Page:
Meantime, the NCAA has released a statement, acknowledging what has taken place, saying -- quote -- "The building was evacuated, and the package" -- this suspicious package that a campus dog had detected earlier -- "was examined by law enforcement. The all-clear has been given by law enforcement, and the games will continue, with a revised schedule, to be determined shortly."

And you are seeing right now some movement of progress there outside the arena, while folks are being able to head back into the stands there. This is a stadium that fits 12,000 people in it. As we understand, the games today and scheduled for Saturday are all sold out -- your parents among the lucky ones with the...


WHITFIELD: ... tickets, Kyra.

PHILLIPS: And I am sure I will get the calls tonight about all the craziness and how fun it was. And...

WHITFIELD: I am sure they will fill you in.


PHILLIPS: Exactly.

All right, Fred, thanks so much.


PHILLIPS: So, how is today's Iraq news going over in your home? American opinion has shifted, like the sands, since the war began three years ago. In our latest CNN/"USA Today"/Gallup poll, we asked again whether Iraq was worth going to war over -- well, worth going to war in the first place. Thirty-seven percent said yes. Sixty percent said no.

The same question in March 2003 produced almost opposite results: 68 percent in favor, 29 percent opposed.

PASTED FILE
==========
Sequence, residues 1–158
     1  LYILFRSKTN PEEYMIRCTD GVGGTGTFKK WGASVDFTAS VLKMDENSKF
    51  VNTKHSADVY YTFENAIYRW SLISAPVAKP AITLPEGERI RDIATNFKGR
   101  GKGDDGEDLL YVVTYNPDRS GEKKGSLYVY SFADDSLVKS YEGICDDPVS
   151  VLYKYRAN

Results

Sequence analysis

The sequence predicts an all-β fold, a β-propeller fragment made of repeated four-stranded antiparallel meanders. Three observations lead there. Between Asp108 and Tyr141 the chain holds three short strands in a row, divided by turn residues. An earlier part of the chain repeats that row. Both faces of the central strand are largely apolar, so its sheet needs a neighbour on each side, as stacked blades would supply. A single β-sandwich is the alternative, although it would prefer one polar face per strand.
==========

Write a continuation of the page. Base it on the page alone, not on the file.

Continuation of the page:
Retired Major General James "Spider" Marks joins me now from Washington.

Spider, your background, your expertise is intel. So, what do you think, with regard to this operation? A lot coming from Iraqi sources? Still a lot of U.S. sources? Obviously, it took a lot of intelligence to be able to converge on this one area.


And that's the key question. What you see is what known as actionable intelligence. And I would tell you that most of it is probably derived from Iraqis, because they own the terrain. They are indigenous. They can gather intelligence in human-intelligence kinds of ways, where the United States would be very obvious and might be denied some of that intelligence.

But what does happen is, you then fuse that intelligence derived from any source into other forms of intelligence, and you get a really clear picture, and you can conduct operations like this. This clearly was based on a -- a preponderance of very solid evidence. The coalition forces know exactly where to strike, and they are going after it.

And -- and I need to take -- I need -- I need to put a spotlight a little bit on what Barbara Starr said a little bit earlier, in that this is a standard operation of the 101st. But it's anything but standard, in terms of how you conduct it, the synchronization that needs to take place, and the tremendous coordination that certainly is taking between Iraqi and U.S. forces.